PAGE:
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FAQ: Academic Freedom

The following “Frequently Asked Questions” and responses were adapted from a 2009 communication to our membership.

What is “academic freedom”?

Academic freedom is the belief that the freedom of inquiry by students and faculty members is essential to the mission of a learning institution, and that academics and scholars should have freedom to teach or communicate ideas or facts, including those that are inconvenient to political groups or authorities. Academic freedom is a widely accepted principle in post-secondary institutions. All Ontario university faculty association collective agreements have a specific clause guaranteeing academic freedom.

Can you give some concrete examples?

The right to speak freely without fear of reprisal, the right to determine specific teaching methodologies, the right to transmit knowledge openly, and the right to research in one’s field are some examples.


Is this something new for OPSEU?

No, it is not. Other OPSEU bargaining units such as the Michener Institute and the Northern Ontario School of Medicine have academic freedom language in their collective agreements.


The Colleges don’t have academic freedom?

That’s right. Some Colleges have policies that provide some level of academic freedom.

At Fanshawe, there is academic freedom for faculty while they are conducting research or teaching in a degree program but not outside of that.

How does this affect Colleges and College teachers?

Ontario’s Colleges have expanded far beyond their trade school roots. That was nearly 40 years ago. Colleges not only partner with universities, but have many articulated programs leading to post-secondary degrees, and grant degrees themselves. Colleges are now firmly established within the post-secondary domain in Ontario.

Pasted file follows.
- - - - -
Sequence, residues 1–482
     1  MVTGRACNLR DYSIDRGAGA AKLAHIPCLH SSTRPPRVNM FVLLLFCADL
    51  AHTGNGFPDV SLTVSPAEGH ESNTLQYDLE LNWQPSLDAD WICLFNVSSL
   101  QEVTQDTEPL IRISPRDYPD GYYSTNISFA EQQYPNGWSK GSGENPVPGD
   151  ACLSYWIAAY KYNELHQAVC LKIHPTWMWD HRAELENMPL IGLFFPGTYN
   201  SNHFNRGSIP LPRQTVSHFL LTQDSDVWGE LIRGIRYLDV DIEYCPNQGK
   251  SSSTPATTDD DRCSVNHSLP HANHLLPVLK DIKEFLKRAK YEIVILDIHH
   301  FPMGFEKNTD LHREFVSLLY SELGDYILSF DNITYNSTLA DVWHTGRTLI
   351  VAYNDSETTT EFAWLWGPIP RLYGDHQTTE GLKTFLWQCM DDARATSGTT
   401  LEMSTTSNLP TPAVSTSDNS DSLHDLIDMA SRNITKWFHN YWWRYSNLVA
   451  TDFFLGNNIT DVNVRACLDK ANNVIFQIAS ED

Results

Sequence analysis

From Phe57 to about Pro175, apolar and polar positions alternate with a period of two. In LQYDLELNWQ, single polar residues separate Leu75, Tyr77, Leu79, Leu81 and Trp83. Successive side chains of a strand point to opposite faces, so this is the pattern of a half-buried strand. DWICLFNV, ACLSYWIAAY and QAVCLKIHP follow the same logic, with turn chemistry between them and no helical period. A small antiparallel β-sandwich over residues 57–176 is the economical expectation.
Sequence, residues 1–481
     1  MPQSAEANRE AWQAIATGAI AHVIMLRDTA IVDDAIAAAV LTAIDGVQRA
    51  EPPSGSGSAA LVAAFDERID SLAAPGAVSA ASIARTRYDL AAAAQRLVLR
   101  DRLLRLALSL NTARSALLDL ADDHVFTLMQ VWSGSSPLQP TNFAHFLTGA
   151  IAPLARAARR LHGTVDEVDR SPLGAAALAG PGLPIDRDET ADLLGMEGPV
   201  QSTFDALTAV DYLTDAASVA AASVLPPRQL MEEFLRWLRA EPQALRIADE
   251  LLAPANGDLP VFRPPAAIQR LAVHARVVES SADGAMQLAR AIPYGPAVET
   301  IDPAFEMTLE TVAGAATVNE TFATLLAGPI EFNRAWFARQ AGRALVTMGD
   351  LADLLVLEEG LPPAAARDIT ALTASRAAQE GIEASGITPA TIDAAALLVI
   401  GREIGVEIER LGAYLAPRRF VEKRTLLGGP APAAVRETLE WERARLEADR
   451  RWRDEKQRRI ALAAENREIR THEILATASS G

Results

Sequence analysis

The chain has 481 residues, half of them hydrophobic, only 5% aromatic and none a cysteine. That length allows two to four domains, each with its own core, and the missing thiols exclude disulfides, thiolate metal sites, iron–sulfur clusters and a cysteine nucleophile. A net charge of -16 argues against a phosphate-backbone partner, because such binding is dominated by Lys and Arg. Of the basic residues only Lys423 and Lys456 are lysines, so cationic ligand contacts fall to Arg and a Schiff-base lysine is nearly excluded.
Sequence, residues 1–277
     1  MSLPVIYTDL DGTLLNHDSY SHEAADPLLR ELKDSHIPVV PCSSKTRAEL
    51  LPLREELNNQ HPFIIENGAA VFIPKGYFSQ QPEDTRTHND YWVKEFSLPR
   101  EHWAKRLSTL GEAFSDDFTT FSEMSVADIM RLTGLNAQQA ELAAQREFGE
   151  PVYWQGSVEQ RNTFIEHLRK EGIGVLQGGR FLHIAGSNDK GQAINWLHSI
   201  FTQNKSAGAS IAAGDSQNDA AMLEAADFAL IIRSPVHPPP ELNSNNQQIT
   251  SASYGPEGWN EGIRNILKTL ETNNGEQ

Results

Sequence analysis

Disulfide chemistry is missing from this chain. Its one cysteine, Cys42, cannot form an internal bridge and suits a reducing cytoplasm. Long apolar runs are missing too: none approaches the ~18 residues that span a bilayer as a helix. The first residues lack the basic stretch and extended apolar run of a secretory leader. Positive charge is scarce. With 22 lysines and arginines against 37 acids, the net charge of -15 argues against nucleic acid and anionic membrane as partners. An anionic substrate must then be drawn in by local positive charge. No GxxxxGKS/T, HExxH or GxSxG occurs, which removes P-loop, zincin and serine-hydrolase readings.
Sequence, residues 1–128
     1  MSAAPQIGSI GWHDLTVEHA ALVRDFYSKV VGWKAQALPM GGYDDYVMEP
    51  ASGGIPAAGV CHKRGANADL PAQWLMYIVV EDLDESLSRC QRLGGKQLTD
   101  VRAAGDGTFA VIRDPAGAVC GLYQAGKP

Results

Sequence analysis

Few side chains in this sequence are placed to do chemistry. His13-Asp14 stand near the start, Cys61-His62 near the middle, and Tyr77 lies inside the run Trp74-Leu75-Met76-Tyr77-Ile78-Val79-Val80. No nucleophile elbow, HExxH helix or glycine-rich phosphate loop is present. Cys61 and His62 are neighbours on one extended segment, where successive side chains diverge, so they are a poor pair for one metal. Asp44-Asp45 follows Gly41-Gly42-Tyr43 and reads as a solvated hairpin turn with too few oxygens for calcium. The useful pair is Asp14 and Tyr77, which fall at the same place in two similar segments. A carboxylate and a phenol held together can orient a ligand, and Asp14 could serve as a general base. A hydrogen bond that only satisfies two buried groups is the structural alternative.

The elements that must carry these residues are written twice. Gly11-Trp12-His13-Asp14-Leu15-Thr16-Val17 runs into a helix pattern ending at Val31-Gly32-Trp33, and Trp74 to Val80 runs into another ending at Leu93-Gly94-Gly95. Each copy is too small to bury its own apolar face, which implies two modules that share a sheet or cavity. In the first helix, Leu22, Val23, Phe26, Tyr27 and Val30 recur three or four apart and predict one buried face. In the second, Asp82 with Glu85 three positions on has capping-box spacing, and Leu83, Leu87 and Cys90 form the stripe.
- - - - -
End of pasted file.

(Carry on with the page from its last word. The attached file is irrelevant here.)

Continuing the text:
Is there any other support for academic freedom?

Yes, there is. The General Conference of the United Nations Educational, Scientific and

Cultural Organization (UNESCO), at its meeting in 1997, passed a recommendation concerning the status of higher-education teaching personnel. The recommendation contained an international consensus on the meaning of academic freedom. It also deals with the link between academic freedom and collegial self-government. The recommendation is administered jointly by UNESCO and the International Labour Organization (ILO). The following statement is in the Recommendation:


“To do so, the principle of academic freedom should be scrupulously observed. Higher education teaching personnel are entitled to the maintaining of academic freedom, that is to say, the right, without constriction by prescribed doctrine, to freedom of teaching and discussion, freedom in carrying out research and disseminating and publishing the results thereof, freedom to express freely their opinion about the institution or system in which they work, freedom from institutional censorship and freedom to participate in professional or representative academic bodies. All higher-education teaching personnel should have the right to fulfill their functions without discrimination of any kind and without fear of repression by the state or any other source. Higher-education teaching personnel can effectively do justice to this principle if the environment in which they operate is conducive, which requires a democratic atmosphere; hence the challenge for all of developing a democratic society.”


What would academic freedom look like in the Ontario College system?

  • Faculty teaching courses would have the right to the free expression of their views and may choose course content, use teaching methods, and refer to materials without censorship or reference or adherence to prescribed doctrine except subject to the requirements of any legitimate external accrediting bodies.
  • Faculty would have the right to carry out scholarly research without interference or adherence to prescribed doctrine.
  • Faculty would have the right to publish the results of their research without interference or censorship by the institution, its agents or others.
  • Faculty would have the right to freedom of expression, including the right to criticize the government of the day, the administration of the institution, or the Union.
  • Faculty would have the freedom to exercise professional judgement in the acquisition of materials, and ensuring that these materials are freely accessible to all for bona fide teaching and research purposes, no matter how controversial these materials may be.
  • Academic freedom does not require neutrality; rather, it carries with it the duty to use that freedom in a manner consistent with the scholarly obligation to base research, teaching, publication and other forms of scholarly expression in the honest search for knowledge.
  • Academic freedom does not confer legal immunity; nor does it diminish the obligation of employees to meet their obligation to the college. In the exercise of academic freedom, faculty shall respect the academic freedom of others.